We use cookies to improve your online experience. To learn more please refer to ourPrivacy & Cookie Policy.

Sorry but this form will not work without cookies enabled. Please adjust your browser settings to enable cookies to continue. For more information on how to do this please see ourPrivacy & Cookie Policy.

  • Did You Know?

    We provide international education to over 1,100 students ages 1-18. We are at the heart of our community, a hub for many expat families in living Beijing.

    300x300 International day

  • Did You Know?

    Through the Nord Anglia University we focus our teachers professional development to ensure that your child receives high quality teaching experience.

    300x300 student teacher

  • Did You Know?

    You will immediately recognise one of our students when you meet them by their evident respect for others, their intellectual and social confidence.

    Chinese student 300x300

  • Did You Know?

    We are a high achieving school with excellent academic success. We believe in bringing out the best in every student of all abilities.

    300x300 sport

  • Did You Know?

    We have a dedicated team waiting to hear from you and ready to put you in touch with others whom you may wish or need to speak to.

    300x300 parents

  • Did You Know?

    Through our News & Insights section you can find out the latest from our school and from other schools in the Nord Anglia Education global family.

    primary 200x200

  • Did you know?

    We teach the English National Curriculum, offer a German curriculum at primary level and IB Diploma for Years 12 & 13 students.

    Student reading buddy 300x300

An Update from our Principal - 15 Jan 2016

15 January 2016

  • Blue Sky Andy's FB photo Dome PS

Dear Parents

First of all, may I wish you an extremely happy and prosperous 2016. It has been really enjoyable catching up with so many students and parents over the past two weeks, hearing stories of holidays all over the world, but also seeing the smiling faces as we get back with friends and the BSB family here in Beijing. After a difficult end of last term with the pollution days, it has also been wonderful to see that the wind has been blowing from the north, giving us those clear, crisp, beautiful days which make us remember the great side of living here.

By the way, a number of parents I have spoken with were not aware of the ‘Windfinder’ app on your phone, which seems to predict pretty accurately the wind speed and direction, and therefore gives hope, on those days when we do have pollution, of when the wind will blow it away.

I am sure many of you will have noticed that there is building work taking place in and around our car park at school. We are delighted to say that this is because the overhead power cables are being moved further away from the school. This is a good thing in itself, but also means that, longer term, we may well be able to expand our outdoor sports and play facilities. There will be some disruption over the next two to three months, including some temporary rerouting of the cables, but the long term benefit to us will be significant.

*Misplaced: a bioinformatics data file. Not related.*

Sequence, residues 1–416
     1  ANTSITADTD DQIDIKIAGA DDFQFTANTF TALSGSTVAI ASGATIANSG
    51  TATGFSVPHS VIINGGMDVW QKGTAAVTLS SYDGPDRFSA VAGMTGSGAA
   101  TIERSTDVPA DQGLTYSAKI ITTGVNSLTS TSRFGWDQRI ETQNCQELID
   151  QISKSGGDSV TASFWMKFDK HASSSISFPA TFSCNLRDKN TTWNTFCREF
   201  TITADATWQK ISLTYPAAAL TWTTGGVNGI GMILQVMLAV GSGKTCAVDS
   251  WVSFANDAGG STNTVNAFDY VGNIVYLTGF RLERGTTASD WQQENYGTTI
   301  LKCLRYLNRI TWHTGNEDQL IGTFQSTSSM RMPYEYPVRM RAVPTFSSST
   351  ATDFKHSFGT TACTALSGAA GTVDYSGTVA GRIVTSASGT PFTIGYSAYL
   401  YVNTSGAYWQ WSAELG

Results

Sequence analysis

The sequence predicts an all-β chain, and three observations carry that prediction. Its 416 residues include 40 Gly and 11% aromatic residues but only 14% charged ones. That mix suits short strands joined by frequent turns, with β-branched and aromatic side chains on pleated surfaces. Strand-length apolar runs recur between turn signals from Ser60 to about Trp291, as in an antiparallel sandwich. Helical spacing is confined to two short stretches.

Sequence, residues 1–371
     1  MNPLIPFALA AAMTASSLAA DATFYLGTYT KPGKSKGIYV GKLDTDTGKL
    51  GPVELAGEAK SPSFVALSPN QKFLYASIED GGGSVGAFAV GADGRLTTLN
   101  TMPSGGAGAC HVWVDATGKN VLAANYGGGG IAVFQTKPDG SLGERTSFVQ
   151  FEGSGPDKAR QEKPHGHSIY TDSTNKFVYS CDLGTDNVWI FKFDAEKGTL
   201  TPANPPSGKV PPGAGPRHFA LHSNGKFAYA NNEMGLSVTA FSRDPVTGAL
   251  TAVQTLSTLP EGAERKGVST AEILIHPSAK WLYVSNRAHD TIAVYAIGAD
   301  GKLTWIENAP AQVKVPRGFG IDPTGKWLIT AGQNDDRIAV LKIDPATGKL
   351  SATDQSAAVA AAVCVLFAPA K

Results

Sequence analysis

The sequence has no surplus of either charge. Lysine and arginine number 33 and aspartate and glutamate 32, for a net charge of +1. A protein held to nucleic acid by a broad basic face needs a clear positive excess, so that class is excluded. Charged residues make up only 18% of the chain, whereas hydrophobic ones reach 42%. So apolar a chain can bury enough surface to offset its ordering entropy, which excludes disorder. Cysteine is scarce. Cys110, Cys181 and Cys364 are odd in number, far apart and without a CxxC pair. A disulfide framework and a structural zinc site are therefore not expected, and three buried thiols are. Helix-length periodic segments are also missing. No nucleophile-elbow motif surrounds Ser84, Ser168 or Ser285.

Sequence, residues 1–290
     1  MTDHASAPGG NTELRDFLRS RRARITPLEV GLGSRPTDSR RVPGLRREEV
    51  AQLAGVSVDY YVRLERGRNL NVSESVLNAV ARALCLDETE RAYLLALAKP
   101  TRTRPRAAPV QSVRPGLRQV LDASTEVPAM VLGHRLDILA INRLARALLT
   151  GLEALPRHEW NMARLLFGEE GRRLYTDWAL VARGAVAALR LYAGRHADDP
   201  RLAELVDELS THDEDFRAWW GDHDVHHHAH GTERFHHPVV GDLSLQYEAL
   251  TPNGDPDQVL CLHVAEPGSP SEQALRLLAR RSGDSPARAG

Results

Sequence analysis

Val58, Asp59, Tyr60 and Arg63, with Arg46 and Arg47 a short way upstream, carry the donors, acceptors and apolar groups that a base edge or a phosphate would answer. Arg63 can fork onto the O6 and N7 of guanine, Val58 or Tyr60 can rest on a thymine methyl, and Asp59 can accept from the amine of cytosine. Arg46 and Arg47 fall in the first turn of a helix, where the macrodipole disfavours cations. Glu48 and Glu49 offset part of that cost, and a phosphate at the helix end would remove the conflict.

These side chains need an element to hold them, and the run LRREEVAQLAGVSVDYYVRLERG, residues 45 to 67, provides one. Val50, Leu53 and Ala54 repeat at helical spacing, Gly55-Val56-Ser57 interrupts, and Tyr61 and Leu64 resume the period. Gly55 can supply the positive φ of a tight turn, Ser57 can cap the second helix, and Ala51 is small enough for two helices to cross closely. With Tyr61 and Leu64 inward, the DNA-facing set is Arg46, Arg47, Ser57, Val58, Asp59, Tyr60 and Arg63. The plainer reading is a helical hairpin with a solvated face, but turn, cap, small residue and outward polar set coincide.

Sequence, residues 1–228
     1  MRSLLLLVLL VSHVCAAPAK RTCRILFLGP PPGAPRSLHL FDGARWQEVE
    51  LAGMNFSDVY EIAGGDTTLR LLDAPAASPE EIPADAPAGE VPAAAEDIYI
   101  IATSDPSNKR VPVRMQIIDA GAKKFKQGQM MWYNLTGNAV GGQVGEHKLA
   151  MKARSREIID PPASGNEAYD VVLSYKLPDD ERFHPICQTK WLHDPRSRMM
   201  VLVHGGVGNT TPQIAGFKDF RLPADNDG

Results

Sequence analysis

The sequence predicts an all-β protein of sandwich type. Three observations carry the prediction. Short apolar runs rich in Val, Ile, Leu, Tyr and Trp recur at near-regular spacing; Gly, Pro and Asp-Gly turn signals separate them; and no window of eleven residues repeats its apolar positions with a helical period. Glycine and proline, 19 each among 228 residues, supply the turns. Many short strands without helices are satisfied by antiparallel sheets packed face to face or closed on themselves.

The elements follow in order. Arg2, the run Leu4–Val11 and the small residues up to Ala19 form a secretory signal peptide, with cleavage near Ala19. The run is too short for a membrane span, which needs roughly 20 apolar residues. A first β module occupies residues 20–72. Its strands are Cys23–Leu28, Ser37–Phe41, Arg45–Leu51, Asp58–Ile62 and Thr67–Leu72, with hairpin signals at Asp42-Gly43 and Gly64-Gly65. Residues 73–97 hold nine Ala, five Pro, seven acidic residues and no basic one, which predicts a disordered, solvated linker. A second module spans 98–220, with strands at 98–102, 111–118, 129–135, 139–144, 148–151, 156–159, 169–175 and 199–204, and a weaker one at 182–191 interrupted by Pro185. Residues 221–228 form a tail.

I am sure you have all received the email advising you of the latest round of our Wednesday Workshops for Parents. If not, the details are also contained in this newsletter. These have proved very popular with parents, providing information on a very wide range of matters regarding our curriculum and how to help your children learn, but also on living in Beijing, preparation for future life at university etc. You are extremely welcome at any workshop, and please feel free to let us know if there are any topics you would like covered in the future – if we can’t do it ourselves, we will certainly find someone who can.

Air Quality

As I mentioned above, we all remember that we had some horrible pollution days in December. Parents were quite rightly concerned about what we are doing to continually improve air quality in the building and some have asked what has taken place over the winter break.

Firstly, the good news was that, even on those horrific days, our air purification system showed that it worked extremely well. On the days when it was over 200, we used our calibrated PM 2.5 monitors to verify that, in almost all classrooms, we achieved readings of lower than 15 when the AQI outside was over 200, and lower than 30 even on those days when it reached over 500 outside.

However, we did discover that there were issues in the large communal spaces – the foyer, the first/ground floor corridors, the old drama studio and the gymnasium. Further investigation showed that this was for one main reason – the air purifiers were working well but we were allowing too much pollution to enter in these areas. We also have a number of windows and doors that were not well enough sealed. We have therefore adopted a short term and a medium term solution.

In the medium term:

- For ground floor classrooms and the main circulation areas, we have already had suppliers provide quotations for replacing some doors and slide windows (the main source of pollution entering);

- We will also be installing more ceiling purifiers in these areas during 2016 and changing the way school entrances are configured to reduce any pollution that can enter that way, by creating limited, enclosed entrances, hopefully with positive pressure zones therein.

We are currently engaging with two (maybe three) companies of independent consultants, including those from Tsinghua University, to verify the very best ways to achieve these measures.

However, both of these items take planning and there is inevitably a delivery a fitting time on the doors etc which mean we need a longer holiday to organise this. We have therefore implemented some immediate measures which, when tested over the equally awful pollution days that occurred in Beijing during the Christmas holiday, made a significant difference.

Therefore, in the short term, we have:

- sealed all the sliding windows to the ground floor classrooms;